One of the biggest differences in installing wall tiles versus floor tiles is the placement of electrical sockets on the wall. Light switches, disposal unit switches and sockets can all be found in the kitchen backsplash or bathroom walls where tile is typically placed. Careful layouts of the tile beforehand and notching of the tiles to fit around the boxes will ensure that the wall tile pattern is not interrupted by the placement of a socket box.
Things you need
Measure the wall where the tiles will be installed. Take into account the placement of the sockets, both their height from the worktop or floor and the distance from the nearest wall to the socket. Locate the centre point of each wall to be tiled and draw a pencil line down the centre.
Recreate the size and shape of the wall, complete with the locations of the sockets, on the floor nearby. Find the centre point of the wall layout on the floor and lay the first tile at the bottom of this spot so the pencil mark would bisect it. Lay out the rest of the wall tiles, radiating up and out from this first tile.
Notice which tiles come in contact with the socket boxes. Rearrange borders and decorative tiles so they fall above or below the socket for the best appearance. Mark the tiles that will go around the outlet and set them aside. Cut the edge tiles to fit the rest of the wall -- using a wet saw -- before beginning, but don't notch the tiles for the sockets yet.
Spread mortar onto the wall with a trowel and begin laying the wall tiles in the same pattern you determined on the floor. Tile up to the areas around the sockets and leave these areas bare until the rest of the tiles are up.
Hold a tile over the socket and trace the outlet onto the tile where the cuts must be made. Make your pencil lines as straight and accurate as possible.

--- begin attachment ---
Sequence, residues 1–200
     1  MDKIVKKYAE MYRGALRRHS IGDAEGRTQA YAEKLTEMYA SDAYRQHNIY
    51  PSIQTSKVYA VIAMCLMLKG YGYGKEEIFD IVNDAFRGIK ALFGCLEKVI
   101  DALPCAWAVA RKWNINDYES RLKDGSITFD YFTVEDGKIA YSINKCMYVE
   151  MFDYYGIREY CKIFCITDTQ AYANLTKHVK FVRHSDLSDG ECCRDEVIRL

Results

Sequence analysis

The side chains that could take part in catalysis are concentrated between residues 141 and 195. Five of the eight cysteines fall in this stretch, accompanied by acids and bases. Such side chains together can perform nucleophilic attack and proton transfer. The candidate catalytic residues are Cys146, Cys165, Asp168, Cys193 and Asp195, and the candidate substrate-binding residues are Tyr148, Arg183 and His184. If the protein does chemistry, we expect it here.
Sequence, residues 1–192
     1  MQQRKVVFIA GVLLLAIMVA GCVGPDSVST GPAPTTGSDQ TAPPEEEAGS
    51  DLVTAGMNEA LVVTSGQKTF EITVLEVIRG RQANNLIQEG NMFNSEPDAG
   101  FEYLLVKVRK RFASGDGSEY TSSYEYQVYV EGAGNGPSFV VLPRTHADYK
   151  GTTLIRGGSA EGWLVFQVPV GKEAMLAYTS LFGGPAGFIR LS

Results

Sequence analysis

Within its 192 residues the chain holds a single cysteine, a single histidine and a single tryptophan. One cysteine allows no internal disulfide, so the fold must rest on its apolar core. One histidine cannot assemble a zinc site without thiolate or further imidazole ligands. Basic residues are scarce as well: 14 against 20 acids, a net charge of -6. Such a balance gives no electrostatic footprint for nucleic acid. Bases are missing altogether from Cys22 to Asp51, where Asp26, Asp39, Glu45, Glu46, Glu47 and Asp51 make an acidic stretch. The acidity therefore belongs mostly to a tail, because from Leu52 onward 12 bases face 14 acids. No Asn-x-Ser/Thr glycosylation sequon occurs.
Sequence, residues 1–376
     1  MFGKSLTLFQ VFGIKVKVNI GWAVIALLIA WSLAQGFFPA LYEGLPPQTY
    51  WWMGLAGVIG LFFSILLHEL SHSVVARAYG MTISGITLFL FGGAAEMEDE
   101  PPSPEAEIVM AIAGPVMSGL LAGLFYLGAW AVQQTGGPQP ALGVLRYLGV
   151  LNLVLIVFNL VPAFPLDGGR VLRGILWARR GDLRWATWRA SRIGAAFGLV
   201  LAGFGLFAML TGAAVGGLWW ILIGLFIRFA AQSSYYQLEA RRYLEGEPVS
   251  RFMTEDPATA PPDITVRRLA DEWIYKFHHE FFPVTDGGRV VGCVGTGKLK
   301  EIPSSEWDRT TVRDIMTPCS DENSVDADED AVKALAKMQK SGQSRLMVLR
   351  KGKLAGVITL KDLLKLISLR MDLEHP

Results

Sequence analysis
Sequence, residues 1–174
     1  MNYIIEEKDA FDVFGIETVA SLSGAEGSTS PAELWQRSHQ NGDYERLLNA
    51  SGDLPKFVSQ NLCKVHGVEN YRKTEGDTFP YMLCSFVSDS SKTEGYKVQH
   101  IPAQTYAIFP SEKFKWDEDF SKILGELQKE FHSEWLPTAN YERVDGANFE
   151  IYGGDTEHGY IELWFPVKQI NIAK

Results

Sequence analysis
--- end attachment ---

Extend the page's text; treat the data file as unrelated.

Notch the tiles to fit around the outlet with a tile wet saw. Make "L" shaped cuts in the corners of a tile by running the tile into the wet saw until it touches the corner of the notch. Remove the tile, turn it and run it through again until it just touches the first cut made. Lift the corner of the piece to be removed to break it free.
Cut a notch from the side of the tile by making two parallel cuts where the edges of the socket will be. Make several more cuts between these two lines to the depth of the socket so the tile appears to have fingers or keys cut into its side. Use tile nippers to break or cut off these fingers, creating the area for the socket.
Spread mortar directly onto the back of the tile to fit around the socket and slide it into place, pressing for a good bond. Allow all the tiles to dry for 24 to 48 hours and grout all the tiles at once, using a grout float to push the grout between them and a sponge to clean the surface of the tiles. After the tiles dry completely, buff off the grout haze with a dry cloth. Screw the outlet covers on after the grout has dried to cover the cut edges of the tile.
Things you need
- Measuring tape
- Tile saw
- Tile nippers
- Grout float